As I made the trip home to Louisiana this past weekend, I was immersed in a sea of memories and tiny moments that anchor me to that geographical location no matter how far away I roam. Like the mighty Mississippi that undulates and flows from Natchez to New Orleans, they washed over me in muddy waves with every car ride, conversation, hug and goodbye.
The road that runs in front of Granny and Gramps' house saw me get behind the wheel of a car for the first time. As we made the last turn after the long drive from Texas, I can still remember the knot of excitement in my stomach as Mama pulled over and let me drive the remaining 1/2 mile to their house. I was beaming from ear to ear the entire time as I painstakingly drove down the shaded road, hands gripping the wheel and listening to Mama's instructions. As I bounded out of the car with typical 15 year old enthusiasm, I couldn't wait to tell them that I had driven!
The open field beside Granny Traylor's house used to be a huge garden that was tended by my great-grandfather. There was sugar cane in one corner, and Papa would have a pile of the hard sticks on the back carport ready to be cut open and chewed until the sweet goodness was a pulp. He always had a hug ready, and I remember how hard they were, as though he was going to squeeze me to death. The smell of Zippo lighters still remind me of him to this day, and he's been gone for 23 years now.
The taste of Hi-Ho BBQ (which isn't really BBQ at all), and eating them as a child with all six double-first cousins sitting on the step in Granny's kitchen. Sauce dripping down grimy hands and arms and a cold Barq's root beer beside each one of us. Enjoying the taste of our lunch, but anticipating the rest of the afternoon that we would spend climbing the live oak and magnolia trees. There was one massive oak we named the animal tree because it had one of those impossibly low branches that almost touched the ground and we would ride it like a horse. Well, until the freakishly large orange stinging caterpillars sent us screaming in fear to some other mischief.
Strawberry season in the spring, with the seemingly limitless supply of berries bought by the flat and eaten in a myriad of ways: plain, with sugar, over ice cream, made into jam, over buttermilk cake and sliced and put up in the freezer for the rest of the year. All those little green plastic baskets in which the berries were packed that we used to make craft projects with yarn and whatever else we could find. Before the season was over, Granny would have stacks and stacks of those baskets and be completely unwilling to throw them away much like the mayonnaise jars and Cool Whip containers.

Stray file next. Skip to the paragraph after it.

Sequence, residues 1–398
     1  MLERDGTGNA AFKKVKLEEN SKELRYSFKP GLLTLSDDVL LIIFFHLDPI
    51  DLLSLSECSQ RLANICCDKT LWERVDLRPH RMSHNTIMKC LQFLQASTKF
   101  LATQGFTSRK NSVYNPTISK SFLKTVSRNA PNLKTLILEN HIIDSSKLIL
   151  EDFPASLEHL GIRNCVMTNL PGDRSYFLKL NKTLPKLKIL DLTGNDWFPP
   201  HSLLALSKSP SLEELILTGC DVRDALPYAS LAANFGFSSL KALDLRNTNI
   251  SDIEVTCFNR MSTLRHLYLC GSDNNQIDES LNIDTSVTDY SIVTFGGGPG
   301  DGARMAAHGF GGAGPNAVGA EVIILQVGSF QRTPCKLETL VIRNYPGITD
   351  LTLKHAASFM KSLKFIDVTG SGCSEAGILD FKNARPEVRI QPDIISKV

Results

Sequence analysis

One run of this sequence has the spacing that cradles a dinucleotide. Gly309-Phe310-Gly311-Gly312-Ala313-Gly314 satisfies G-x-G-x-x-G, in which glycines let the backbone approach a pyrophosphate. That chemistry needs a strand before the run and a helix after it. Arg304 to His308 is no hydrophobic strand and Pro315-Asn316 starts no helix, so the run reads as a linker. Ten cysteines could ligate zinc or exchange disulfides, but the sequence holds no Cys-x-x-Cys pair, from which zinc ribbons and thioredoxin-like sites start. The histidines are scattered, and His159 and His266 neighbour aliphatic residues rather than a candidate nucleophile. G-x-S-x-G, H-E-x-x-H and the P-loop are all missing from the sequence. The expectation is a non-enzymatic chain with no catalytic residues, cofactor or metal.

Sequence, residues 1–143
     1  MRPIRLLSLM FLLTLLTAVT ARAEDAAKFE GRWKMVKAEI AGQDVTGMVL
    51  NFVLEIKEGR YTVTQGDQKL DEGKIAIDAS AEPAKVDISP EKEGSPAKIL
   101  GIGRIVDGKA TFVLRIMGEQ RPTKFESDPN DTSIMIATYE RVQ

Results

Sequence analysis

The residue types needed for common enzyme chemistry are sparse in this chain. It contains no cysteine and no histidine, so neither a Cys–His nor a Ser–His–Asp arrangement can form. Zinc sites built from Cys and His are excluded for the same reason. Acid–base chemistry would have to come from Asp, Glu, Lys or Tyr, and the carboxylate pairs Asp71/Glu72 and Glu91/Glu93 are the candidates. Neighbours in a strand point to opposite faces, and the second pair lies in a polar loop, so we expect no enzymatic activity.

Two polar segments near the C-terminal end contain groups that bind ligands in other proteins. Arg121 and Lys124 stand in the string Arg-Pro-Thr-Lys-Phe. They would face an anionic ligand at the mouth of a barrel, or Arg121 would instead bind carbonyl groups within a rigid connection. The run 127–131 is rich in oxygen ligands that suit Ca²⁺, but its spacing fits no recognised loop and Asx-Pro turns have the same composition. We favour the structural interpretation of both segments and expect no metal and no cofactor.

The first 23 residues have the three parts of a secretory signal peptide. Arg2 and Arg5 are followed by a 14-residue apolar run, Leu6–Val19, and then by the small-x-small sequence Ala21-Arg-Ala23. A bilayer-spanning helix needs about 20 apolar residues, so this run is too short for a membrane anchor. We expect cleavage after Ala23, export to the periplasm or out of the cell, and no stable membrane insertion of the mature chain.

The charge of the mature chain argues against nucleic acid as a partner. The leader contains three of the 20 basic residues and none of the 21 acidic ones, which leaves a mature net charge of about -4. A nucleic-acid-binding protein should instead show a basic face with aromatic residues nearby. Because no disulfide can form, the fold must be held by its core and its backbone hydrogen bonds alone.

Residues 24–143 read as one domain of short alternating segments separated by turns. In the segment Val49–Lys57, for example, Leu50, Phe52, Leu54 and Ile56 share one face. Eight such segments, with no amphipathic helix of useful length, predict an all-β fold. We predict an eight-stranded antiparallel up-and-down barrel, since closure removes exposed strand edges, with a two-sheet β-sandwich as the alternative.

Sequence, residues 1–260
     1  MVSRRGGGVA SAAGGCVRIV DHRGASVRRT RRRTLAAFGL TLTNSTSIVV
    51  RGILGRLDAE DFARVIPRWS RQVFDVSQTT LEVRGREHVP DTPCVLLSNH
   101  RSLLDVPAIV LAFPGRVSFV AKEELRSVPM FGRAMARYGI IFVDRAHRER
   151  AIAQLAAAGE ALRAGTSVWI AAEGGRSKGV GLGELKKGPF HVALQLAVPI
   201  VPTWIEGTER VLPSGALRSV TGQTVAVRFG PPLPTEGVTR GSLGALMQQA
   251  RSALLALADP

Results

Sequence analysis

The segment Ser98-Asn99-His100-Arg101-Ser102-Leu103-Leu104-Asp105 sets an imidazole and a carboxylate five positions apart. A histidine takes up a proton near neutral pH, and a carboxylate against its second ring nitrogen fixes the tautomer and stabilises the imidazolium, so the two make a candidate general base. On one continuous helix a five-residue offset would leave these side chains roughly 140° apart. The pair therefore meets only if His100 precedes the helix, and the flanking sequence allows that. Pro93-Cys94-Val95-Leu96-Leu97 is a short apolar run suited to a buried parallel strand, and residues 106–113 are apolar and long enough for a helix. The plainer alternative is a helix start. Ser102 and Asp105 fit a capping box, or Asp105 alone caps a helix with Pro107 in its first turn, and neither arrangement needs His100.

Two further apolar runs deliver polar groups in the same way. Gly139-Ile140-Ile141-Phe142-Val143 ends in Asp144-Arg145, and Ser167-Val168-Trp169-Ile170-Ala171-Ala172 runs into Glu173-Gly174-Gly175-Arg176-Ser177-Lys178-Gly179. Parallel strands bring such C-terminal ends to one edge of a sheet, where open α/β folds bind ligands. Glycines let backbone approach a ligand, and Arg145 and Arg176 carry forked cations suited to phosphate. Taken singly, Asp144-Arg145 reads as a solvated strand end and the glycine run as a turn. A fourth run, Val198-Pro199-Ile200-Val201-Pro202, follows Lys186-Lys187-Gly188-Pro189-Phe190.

The smell of lunch cooking in Granny's kitchen, and the comfortable conversation around the dinner table. The faces are older now and more careworn, but they are the faces of the people who love me and who are loved in return. My past, present and future all in one room sharing a meal, just like the hundreds of meals shared before. There is something timeless about the ritual of breaking bread with family and the playful banter learned from years of knowing, loving and trusting one another. The inside jokes that no one else would get or even care about. The instinctive way that we serve one another and remember who likes which food and who has an aversion to another.
Then making the trip back home on I-10 and realizing that it's a road that will not be used much in the coming years. Trevor and I have both been traveling that stretch of interstate since childhood, leading us to and from our families for as long as we can remember. As we slowed to make our exit, we discussed the probability that we would not need I-10 to get to the ones we love anymore. We'll be coming from the north from now on, and although we may make the occasional drive to Louisiana from Texas in a combined trip to see his parents and mine, it will be the exception and not the rule.
But even with the particularly sharp nostalgia I experienced this trip, there was an intermingled feeling of excitement about our move. The knowledge that my children have already begun to make memories that will sustain them their entire lives gives me a feeling of contentment. Memories of cousins and grandparents...memories of the places I love...memories of their own. I-10 will not be the familiar path home, but they will have their own paths and they will always lead them back to us.